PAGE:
Daily Archives: March 17, 2023
How to Grow Potatoes in the Kentucky Garden
Growing potatoes in the garden is such a fascinating crop to grow, since the edible portion of the plant is secretly grown underground. With the wide variety of potato shapes, sizes, and colors, this underground stem can enhance your garden and diet at the same time!
Start potatoes in the garden from seed potatoes. Seed potatoes are actually a piece of potato rather than a seed. Purchase “certified” seed stock from a reputable nursery or mail-order company. The certified means that the stock has been inspected and is disease free. Avoid using grocery store potatoes or potatoes from your own garden, since soil-borne diseases can be carried easily this way.
If seed potatoes are not cut, slice the tuber into pieces that are similar to the size of a small chicken egg. Make sure that each piece has at least 2 to 3 eyes which is a small depression where potato sprouts will form. Next, store newly cut pieces at room temperature for 1 to 3 days before planting. This gives the cut surfaces time to dry and form a callus, which decreases rotting.
In Kentucky, home gardeners can plant early potatoes from March 15th through April 10th in a well-drained, loamy soil high in organic matter. Soils should have a pH level of 5.0 to 5.5, so scab disease will not be a problem. When planting the seed pieces, drop them into a furrow that is 3 to 5 inches deep with 6 to 12 inch spacing in between pieces. Fill in the furrow to ground level. “Hill” potatoes when they reach 4 to 6 inches tall by mounding soil to cover most of the leaves. Three weeks later, hill again. This technique will make furrows between the rows at least 6 inches deep.
Since potatoes are shallow rooted, they need constant soil moisture. If soil dries out after tubers have formed, a second growth like a crack or knob will start when soil becomes moist again. Also, fluctuating dry and wet conditions can cause cavities near the center of the potato to develop.
Harvest mature potatoes after vines have been dead for two weeks. This method allows the skin to set and minimizes skin peeling, bruising, and rot while in storage. Quickly remove potatoes from the field to avoid sunscald damage if harvest conditions have high temperatures or bright sunlight. Also, be cautious to avoid bruising tubers during harvest.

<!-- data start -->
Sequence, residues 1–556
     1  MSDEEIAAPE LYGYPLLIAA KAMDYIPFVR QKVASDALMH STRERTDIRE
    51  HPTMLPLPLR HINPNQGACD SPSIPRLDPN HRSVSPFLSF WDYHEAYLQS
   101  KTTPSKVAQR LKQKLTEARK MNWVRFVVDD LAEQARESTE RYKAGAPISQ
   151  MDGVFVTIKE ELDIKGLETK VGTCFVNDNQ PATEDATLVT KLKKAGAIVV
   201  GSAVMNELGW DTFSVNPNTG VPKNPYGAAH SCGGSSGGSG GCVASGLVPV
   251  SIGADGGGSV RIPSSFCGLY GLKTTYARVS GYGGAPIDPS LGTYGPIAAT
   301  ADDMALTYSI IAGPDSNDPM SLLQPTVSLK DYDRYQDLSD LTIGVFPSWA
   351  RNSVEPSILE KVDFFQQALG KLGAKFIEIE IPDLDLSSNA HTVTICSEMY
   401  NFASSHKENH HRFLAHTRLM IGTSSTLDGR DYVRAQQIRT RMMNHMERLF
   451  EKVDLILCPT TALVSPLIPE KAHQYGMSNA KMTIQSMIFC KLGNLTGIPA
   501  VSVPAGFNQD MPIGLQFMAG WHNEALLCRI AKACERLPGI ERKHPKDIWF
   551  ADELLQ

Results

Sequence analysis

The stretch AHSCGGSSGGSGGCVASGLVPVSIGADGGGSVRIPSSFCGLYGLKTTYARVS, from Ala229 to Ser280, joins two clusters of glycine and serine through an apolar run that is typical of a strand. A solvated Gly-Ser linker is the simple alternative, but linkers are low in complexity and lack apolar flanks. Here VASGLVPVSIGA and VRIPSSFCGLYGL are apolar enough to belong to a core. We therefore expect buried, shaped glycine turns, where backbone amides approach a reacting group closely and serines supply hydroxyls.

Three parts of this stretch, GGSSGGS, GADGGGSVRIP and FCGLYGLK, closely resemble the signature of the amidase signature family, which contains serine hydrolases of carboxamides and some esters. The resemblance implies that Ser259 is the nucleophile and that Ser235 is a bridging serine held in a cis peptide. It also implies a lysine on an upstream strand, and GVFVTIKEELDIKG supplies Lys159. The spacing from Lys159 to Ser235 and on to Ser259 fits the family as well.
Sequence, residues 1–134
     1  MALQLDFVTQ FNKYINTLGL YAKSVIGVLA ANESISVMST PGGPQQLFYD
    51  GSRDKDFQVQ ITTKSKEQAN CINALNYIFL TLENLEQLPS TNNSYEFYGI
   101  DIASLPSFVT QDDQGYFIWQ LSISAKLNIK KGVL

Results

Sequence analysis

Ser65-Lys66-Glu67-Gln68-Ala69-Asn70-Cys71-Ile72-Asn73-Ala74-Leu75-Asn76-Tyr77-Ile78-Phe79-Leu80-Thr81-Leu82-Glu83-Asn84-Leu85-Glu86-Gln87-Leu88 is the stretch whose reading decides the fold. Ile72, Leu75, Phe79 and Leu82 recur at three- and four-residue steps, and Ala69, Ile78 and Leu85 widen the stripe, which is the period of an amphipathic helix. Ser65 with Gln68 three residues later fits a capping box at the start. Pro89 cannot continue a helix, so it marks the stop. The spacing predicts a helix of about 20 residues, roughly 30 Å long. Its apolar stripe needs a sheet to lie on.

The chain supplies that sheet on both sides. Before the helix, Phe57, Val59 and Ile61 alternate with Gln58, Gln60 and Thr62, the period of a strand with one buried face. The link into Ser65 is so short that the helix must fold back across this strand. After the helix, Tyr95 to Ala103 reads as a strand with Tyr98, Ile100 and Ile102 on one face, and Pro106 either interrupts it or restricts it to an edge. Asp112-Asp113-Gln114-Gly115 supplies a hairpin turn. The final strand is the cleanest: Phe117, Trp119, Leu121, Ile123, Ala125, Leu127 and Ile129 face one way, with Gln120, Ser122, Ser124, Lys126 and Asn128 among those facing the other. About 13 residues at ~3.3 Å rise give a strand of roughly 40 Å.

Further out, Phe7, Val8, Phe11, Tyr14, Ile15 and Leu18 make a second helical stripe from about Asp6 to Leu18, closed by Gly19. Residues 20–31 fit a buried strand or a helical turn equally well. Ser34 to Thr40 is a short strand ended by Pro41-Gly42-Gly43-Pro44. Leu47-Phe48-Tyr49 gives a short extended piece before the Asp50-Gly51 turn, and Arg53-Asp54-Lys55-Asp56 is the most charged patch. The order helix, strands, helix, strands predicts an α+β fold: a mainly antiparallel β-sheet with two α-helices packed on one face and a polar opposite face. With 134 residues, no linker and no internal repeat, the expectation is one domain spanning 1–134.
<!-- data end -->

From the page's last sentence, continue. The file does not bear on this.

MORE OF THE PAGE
For more information about growing potatoes in the Kentucky garden, make sure to contact the local Extension Office in your area. They have a free resource entitled “Home Vegetable Gardening in Kentucky” publication which can be found at http://www2.ca.uky.edu/agcomm/pubs/ID/ID128/ID128.pdf.
Control Tips for the Colorado Potato Beetle
Once gardeners plant potatoes in the garden, it won’t be much longer before they discover the black and yellow-striped “potato bug”. The potato bug is scientifically known as, Leptinotarsa decemlineata, or more commonly referred to as the Colorado potato beetle. Both the larvae and adult forms of this insect feed on potato foliage, and if left untreated, can quickly defoliate plants. The Colorado potato beetle can also be a serious pest to other vegetables including eggplant, pepper, and tomato.
To control Colorado potato beetle, it is good to understand the insect’s lifecycle. The beetle overwinters in the ground, and becomes active in the spring at the time when potatoes begin to emerge in May where they feed on weeds and early plantings of potato. The female beetles lay orange-yellow eggs in batches on the underside of leaves. Females can lay 500 or more eggs over a period of five weeks.
After the eggs hatch, the larvae appear in groups and begin feeding on potato foliage. The larvae are easily recognizable by their humpbacks with two rows of black spots on each side of their body. Then, the full grown larvae move down in the ground to pupate and in five to 10 days, the adult beetle emerges. In Kentucky, this lifecycle continues with two to three generations occurring annually.
Treatment for Colorado potato beetle in home vegetable gardens can be challenging, but not impossible. Check the undersides of potato leaves for egg masses. If noticed, remove leaves from the garden and dispose in the trash. Adult beetles can fly into gardens so make sure to inspect the garden regularly. For small gardens, handpicking may also be an effective means for control. In the morning, drop the adult and larvae forms into a bucket filled with soapy water. For chemical controls, please visit the local extension office in your area. They will be glad to give you recommendations of insecticides to apply for controlling the potato beetle.